Another incoming audio recording, dated Mar. 26, referenced the Mar. 30 event at "Trump's estate" and said "we can forget about it for now." The recording suggested attending two other events, one with Warren Buffett and one with the Bill and Hillary Clinton.

Two outgoing messages in response said "forget it, just get a refund," and "I'm not going."

Then on Mar. 27, an outgoing message from the iPhone said "need the money urgently. Go ahead and credit the money back to my account by this weekend."

Zhang flew into the United States on Mar. 28, and was detained two days later at Mar-a-Lago, according to the Secret Service.

Zhang chose not to cross examine either witness Tuesday afternoon.

Earlier on Tuesday, Secret Service Agent Brennan Fortune was the first to testify, going over surveillance videos that showed Zhang riding in a golf cart from the Bath & Tennis Club to inside Mar-a-Lago grounds.

The main receptionist for Mar-a-Lago, Ariela Grumaz, also testified on Tuesday. Grumaz told the court she didn't recognize Zhang when she walked into the lobby area.

"As soon as she entered the lobby, you could see that she was fascinated, she was looking around," Grumaz stated, explaining that's usually a sign someone hasn't been inside the club.

Grumaz testified that she asked Zhang if she had an appointment, who then tried showing her something on her phone in Chinese writing. Grumaz said Zhang claimed she was there for a "U.N. Chinese" association event.

They were the only two in the lobby area at the time, according to Grumaz.

Grumaz asked a nearby Secret Service agent to keep an eye on Zhang while she went to check with the catering manager to see if Zhang had an appointment or the event she mentioned was on the schedule.

According to her testimony, Grumaz then had to get Zhang out of the bathroom while agents waited outside the door.

"There's a hallway, and I could see her texting walking back and forth on the phone," said Grumaz. "I called [Zhang] and I said, ma'am, can you please step outside? She looked at me."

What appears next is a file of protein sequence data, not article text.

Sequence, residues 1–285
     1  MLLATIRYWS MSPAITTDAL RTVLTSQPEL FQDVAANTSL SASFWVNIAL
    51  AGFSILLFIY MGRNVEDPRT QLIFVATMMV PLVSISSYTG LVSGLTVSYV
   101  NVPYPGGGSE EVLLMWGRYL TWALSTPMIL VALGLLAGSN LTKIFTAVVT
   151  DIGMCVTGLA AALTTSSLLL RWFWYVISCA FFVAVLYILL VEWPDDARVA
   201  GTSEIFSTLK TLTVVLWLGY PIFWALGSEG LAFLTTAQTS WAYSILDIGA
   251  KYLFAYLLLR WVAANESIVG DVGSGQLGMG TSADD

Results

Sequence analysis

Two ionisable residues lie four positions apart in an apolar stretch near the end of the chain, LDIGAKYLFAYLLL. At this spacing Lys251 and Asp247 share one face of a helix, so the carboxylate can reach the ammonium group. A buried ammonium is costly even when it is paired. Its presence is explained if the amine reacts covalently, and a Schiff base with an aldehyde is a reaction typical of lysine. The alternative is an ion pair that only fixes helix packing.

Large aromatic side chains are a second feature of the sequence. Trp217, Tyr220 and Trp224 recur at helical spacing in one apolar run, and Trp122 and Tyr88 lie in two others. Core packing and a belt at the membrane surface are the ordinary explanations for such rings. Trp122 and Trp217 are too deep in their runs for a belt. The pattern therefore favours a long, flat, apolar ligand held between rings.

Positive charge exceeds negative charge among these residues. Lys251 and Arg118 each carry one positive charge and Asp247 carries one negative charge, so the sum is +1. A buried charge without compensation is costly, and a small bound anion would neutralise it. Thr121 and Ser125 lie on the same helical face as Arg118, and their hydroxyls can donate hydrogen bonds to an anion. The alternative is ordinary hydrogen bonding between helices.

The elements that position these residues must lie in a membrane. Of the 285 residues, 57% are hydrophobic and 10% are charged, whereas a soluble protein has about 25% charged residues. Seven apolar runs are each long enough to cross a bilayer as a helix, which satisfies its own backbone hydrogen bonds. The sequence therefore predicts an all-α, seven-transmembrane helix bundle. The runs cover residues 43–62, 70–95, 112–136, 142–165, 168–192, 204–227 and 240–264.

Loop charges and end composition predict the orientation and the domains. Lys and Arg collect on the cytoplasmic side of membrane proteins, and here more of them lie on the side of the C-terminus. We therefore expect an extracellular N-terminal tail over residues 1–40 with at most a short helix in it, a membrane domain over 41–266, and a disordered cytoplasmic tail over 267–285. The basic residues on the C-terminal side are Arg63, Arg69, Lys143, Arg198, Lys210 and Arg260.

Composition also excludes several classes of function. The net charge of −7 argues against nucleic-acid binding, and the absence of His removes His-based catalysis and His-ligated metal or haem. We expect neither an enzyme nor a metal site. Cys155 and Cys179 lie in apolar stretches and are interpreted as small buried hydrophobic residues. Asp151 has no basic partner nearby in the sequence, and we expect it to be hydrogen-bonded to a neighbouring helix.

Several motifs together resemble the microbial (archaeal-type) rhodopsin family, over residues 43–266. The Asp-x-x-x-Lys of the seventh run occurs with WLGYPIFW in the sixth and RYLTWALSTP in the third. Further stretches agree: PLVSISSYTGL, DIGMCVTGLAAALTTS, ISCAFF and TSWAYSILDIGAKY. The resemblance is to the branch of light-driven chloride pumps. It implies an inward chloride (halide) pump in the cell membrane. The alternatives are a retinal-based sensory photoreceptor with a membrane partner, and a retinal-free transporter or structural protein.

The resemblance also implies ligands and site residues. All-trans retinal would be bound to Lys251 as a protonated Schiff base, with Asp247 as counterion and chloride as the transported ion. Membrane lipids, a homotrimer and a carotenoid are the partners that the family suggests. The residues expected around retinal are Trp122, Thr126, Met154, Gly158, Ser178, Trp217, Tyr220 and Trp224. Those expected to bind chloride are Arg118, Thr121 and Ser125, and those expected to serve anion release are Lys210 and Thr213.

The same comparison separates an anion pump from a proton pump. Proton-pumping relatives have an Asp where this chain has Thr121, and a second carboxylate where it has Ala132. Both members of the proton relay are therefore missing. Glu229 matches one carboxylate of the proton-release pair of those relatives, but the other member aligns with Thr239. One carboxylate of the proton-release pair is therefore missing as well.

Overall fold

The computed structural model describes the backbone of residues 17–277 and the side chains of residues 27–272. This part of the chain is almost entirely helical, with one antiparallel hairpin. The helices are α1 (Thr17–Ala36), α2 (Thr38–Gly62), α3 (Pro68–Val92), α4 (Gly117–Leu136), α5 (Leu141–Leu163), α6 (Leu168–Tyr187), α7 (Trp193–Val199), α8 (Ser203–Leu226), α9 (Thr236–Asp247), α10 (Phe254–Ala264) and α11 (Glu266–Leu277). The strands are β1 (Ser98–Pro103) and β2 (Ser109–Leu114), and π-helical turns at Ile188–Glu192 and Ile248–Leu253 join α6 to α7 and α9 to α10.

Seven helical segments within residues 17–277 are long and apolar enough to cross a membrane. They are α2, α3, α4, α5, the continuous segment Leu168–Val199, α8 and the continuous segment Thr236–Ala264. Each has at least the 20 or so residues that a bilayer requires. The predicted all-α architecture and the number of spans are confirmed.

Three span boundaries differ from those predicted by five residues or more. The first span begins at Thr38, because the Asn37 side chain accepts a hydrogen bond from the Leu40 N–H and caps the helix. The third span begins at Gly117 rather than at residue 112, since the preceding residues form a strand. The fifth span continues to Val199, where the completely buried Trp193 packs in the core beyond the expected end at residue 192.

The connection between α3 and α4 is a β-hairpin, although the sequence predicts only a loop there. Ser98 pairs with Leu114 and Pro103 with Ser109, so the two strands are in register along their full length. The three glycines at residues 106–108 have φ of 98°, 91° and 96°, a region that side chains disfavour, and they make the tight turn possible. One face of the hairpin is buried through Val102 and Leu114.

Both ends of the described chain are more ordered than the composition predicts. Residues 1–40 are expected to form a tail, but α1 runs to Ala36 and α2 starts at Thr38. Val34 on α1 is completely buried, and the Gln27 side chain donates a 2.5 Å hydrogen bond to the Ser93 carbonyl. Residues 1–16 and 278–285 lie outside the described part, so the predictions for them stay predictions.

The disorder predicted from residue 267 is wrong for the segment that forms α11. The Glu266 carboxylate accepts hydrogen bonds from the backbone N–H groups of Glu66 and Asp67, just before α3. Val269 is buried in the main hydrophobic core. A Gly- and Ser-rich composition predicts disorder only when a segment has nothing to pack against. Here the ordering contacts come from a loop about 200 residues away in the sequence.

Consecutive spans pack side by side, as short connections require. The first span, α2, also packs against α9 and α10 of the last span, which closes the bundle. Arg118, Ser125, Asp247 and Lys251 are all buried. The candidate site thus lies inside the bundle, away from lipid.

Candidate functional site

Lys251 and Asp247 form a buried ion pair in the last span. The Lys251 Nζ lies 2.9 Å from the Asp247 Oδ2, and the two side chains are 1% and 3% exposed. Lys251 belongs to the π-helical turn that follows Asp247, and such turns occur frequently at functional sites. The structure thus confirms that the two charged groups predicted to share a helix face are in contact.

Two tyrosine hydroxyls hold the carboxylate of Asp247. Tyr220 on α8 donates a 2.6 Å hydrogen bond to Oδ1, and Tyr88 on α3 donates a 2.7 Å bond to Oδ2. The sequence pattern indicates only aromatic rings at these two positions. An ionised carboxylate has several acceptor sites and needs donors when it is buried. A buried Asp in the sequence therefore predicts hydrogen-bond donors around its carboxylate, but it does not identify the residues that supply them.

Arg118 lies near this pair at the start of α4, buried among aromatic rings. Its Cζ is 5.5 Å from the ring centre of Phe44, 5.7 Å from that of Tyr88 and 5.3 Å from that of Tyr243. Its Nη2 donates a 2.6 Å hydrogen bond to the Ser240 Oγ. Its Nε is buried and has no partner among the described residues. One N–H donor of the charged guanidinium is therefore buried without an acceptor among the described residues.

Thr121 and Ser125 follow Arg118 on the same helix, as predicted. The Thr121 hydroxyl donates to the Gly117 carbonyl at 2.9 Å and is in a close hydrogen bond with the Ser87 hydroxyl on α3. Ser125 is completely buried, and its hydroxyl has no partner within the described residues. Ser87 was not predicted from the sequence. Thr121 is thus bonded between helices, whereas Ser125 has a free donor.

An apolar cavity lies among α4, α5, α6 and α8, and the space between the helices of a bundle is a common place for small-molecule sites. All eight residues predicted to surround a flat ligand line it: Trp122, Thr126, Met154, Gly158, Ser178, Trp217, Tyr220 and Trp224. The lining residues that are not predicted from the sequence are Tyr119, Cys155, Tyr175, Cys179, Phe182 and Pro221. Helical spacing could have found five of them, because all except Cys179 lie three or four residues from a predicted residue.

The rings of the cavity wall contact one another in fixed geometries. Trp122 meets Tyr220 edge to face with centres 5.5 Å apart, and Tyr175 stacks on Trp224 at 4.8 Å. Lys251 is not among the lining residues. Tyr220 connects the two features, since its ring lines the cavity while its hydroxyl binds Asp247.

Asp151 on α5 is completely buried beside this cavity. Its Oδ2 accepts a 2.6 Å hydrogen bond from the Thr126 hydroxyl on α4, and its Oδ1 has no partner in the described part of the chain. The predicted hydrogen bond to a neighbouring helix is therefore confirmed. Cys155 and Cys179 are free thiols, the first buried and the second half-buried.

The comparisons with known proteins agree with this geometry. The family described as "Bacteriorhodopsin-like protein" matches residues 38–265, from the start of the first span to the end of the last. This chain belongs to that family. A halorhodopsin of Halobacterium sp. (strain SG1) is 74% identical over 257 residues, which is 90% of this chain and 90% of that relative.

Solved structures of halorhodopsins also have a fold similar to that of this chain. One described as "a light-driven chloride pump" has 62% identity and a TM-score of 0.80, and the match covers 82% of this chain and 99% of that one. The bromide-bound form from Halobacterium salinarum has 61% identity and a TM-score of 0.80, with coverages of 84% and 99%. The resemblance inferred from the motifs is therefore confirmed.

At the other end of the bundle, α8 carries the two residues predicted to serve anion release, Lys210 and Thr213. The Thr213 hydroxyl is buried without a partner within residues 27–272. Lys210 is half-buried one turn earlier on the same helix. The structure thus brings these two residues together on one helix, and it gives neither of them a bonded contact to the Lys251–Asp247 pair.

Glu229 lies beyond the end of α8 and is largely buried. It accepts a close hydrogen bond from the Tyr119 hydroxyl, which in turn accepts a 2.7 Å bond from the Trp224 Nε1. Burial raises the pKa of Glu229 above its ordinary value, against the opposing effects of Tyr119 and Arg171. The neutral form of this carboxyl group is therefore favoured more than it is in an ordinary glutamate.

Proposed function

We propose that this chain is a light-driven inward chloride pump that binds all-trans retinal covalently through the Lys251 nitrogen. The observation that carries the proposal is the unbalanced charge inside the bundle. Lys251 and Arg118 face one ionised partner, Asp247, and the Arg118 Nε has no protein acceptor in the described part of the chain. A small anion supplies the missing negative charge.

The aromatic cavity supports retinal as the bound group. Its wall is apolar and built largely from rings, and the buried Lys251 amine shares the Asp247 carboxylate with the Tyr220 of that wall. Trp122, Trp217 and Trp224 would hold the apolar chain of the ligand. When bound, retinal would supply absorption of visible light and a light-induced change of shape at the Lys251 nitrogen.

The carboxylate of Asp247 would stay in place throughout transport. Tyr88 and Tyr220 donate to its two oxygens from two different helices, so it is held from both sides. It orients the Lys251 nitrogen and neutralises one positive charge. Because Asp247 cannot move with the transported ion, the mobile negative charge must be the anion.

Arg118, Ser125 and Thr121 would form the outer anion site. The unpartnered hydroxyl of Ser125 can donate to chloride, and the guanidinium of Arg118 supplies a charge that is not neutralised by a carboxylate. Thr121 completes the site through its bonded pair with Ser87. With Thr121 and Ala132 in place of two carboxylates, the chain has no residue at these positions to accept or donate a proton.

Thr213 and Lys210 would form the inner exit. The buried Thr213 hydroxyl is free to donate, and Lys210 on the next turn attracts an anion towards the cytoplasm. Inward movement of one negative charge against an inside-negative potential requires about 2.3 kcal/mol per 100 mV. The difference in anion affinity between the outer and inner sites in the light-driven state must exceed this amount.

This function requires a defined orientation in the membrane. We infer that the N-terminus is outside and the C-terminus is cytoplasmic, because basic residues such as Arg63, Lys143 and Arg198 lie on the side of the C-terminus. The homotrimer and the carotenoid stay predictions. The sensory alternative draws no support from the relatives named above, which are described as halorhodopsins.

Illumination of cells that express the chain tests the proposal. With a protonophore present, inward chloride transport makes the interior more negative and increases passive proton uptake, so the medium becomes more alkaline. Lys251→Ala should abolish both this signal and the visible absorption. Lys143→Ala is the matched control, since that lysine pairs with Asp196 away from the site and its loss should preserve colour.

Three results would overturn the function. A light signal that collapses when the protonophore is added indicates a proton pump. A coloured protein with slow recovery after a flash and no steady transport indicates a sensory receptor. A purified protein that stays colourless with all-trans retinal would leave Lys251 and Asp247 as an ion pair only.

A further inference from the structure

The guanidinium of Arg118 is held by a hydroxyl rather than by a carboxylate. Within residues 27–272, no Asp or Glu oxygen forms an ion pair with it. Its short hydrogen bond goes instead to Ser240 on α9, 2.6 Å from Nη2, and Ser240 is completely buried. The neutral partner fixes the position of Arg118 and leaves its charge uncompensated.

Grumaz was asked about Zhang's demeanor after exiting the bathroom as Zhang spoke with Secret Service agents.

"That's what shocked me. She had a blank face. She was totally in control," said Grumaz.

Also on Tuesday, Zhang raised objections to her cell phone and travel records being admitted as evidence, saying they were "sensitive" and "unnecessary." Judge Altman overruled the objections and allowed both records into evidence.

During the first break, Judge Altman asked prosecutors about repeated questioning of witnesses on Zhang's "demeanor" while jurors were outside.

Prosecutors explained it contradicts any defense of confusion, or that Zhang was simply a "wandering tourist."

"Regardless of what was going to happen, she was going to get to Mar-a-Lago. Her character, her demeanor shows that," prosecutors told the judge.

Secret Service Agent Ivanovich testified after the first break, describing his interaction with Zhang both at President Trump's club and at the Secret Service's regional office in West Palm Beach.

Ivanovich said that several family members of President Trump's family were at Mar-a-Lago when Zhang was found wandering inside, including First Lady Melania Trump, Barron Trump, Ivanka Trump and Jared Kushner, and the children of Donald Trump, Jr.

President Trump was in town that weekend but was not at Mar-a-Lago when Zhang was detained.

Ivanovich testified Zhang stated numerous times that "she was there to attend a United Nations friendship event between the United States and China."

He told the court that Zhang said she found out about the event from "Charles," whom she communicated with through WeChat, a messaging and social media service popular in China.

"[Zhang] stated that she has not met him [Charles] in person, only through the app," testified Ivanovich, later adding that Zhang said, "the purpose of this event was to build [economic] relationships between the United States and China."

Ivanovich also testified that Zhang said she was at the club early, even though the supposed event she planned to attend was not until that night, "to familiarize herself with Mar-a-Lago and take photographs."

Zhang did not cross examine Ivanovich.

WPTV's Matt Sczesny will provide updates from Zhang's trial online and on air.